Saturday, October 15, 2011

Catching Up with TNA

By Chad Smart
@ChadSmart on Twitter
Photos from Impact Wrestling

With TNA IMPACT WRESTLING’s (did they ever clarify if they’re still TNA or officially Impact Wrestling) biggest show of the year happening this weekend, I figure this is as good a time as any to toss out some opinions on the company. I have not watched Impact in at least six weeks. Once it was clear they were going with a Hogan/Sting match, I pretty much wrote off the company. I’ve kept up with the goings on in the company through recaps of the show and wrestling news websites. I have to say, even though I’m going to check out Bound For Glory, I am at wits end trying to figure out this company continues to make decision after decision that doesn’t improve the product they’re trying to sell to fans. Let’s look at some recent events.

HULK HOGAN: It was recently reported that Hogan (and by association, Eric Bischoff) had signed new two-year contracts with TNA. My first question to TNA management is what positives have Hogan and Bischoff brought to the company in the 22 months they’ve been with the company?  We got a bunch of Hogan’s friends in the company at the beginning. Guys who were put in high profile segments and who were gone within four months. Way to build for the future. Second, Hogan is in no shape to wrestle. Well, we’ll see exactly what ring shape Hogan is in when he fights Sting at Bound for Glory. Even though he’s not wrestling, he and Bischoff have been the focus of the company since they came in and that hasn’t been too beneficial for anyone not named Hogan and Bischoff.  The authority figure role in wrestling is beyond played out. The focus of the company needs to shift from the so-called Powers That Be and back to the guys actually busting their butts in the ring. (This applies to WWE as well)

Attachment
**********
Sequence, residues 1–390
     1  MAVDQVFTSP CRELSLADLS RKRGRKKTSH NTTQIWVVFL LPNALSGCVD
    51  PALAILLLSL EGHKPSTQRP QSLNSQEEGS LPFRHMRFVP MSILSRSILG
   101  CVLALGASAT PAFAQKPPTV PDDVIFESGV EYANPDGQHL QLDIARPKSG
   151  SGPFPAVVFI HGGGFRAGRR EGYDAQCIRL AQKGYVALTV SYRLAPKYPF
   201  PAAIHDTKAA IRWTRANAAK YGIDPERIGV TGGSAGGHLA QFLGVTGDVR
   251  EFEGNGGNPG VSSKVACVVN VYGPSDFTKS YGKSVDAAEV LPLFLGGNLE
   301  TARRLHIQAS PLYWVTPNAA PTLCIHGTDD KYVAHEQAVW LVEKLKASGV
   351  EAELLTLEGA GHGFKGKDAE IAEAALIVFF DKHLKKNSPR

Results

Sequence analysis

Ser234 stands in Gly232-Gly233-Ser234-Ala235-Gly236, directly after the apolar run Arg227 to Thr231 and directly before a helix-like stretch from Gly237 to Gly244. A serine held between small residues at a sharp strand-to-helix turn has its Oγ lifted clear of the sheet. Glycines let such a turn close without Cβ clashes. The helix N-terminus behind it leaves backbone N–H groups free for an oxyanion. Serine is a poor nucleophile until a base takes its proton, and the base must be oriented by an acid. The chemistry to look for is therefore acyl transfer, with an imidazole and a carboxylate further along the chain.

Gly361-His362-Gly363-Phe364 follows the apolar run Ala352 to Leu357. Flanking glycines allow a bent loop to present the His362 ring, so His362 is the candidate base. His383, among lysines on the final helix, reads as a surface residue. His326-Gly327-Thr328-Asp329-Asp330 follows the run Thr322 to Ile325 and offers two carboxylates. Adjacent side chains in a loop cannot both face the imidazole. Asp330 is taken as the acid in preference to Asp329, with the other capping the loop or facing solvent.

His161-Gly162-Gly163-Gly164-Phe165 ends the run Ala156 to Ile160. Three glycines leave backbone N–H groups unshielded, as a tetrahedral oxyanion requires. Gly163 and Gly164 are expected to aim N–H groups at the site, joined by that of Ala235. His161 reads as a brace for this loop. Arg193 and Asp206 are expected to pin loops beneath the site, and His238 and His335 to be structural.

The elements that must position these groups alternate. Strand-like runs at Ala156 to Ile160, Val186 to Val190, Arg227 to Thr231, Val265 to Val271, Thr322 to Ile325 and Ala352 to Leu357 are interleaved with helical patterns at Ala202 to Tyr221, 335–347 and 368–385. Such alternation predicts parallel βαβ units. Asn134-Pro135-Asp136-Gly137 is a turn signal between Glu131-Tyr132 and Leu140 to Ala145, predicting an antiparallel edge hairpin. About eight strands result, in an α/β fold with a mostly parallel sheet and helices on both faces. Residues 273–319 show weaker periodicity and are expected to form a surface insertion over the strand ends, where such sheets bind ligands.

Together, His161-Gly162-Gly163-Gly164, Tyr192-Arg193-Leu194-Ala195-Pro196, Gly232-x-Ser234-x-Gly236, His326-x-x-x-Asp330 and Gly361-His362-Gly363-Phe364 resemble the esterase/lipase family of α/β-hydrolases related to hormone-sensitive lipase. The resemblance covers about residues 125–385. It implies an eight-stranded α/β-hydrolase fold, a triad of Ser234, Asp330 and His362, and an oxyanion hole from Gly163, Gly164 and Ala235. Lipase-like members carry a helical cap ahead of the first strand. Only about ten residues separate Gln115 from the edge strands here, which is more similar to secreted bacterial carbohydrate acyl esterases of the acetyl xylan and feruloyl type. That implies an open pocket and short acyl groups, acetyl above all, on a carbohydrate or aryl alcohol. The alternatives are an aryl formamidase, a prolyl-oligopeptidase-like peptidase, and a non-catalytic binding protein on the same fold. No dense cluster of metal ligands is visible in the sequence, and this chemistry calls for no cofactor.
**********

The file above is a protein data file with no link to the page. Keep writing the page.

In addition to hogging the spotlight, whenever Hogan makes any public appearances he usually only mentions TNA when asked a direct question about the company. The rest of the time Hogan only promotes one thing, himself. In addition to not promoting the company he’s working for, Hogan made the following statement in an interview on Friday, October 14, just two days before Bound for Glory.

On Robert Roode: "Nah, he's not ready. He's not the next guy. Ya' know, they might think he is. Dixie Carter might think he is. The whole world might think he is. He's not the next guy. If I had to bet money on anybody and really be serious about betting money on anybody, I'd say Jeff Hardy is the next guy if he keeps his act together”

Robert Roode is challenging for the TNA World Title at Bound for Glory. Robert Roode is in the main event of the biggest show of the year and Hulk Hogan just told everyone who is interested in spending money on the show that the challenger for the “most prestigious” title shouldn’t be in the match. Now, I don’t care if Roode is “greener than gooses**t” (trademark Bill DeMott), if Hogan is going to talk about the match he should be putting Roode over as one of the greatest talents in TNA. The guy in the main event should be treated as a big deal. Instead Hogan chose to put over a guy whose selfish actions led to one of the worst matches in TNA history. Not to mention Hardy has been to the top of the mountain and has secured his place in the eyes of the fans. This reminds me of when I met Jimmy Hart at Wrestlemania 22 and asked him whom he saw as TNA’s breakout star. Jimmy claimed Sting would be the breakout star. Yep, a guy in the business for 20 years, multi-time champion was Jimmy Hart’s pick for a breakout star.  Not promoting young, fresh talent is one of the many problems in wrestling today.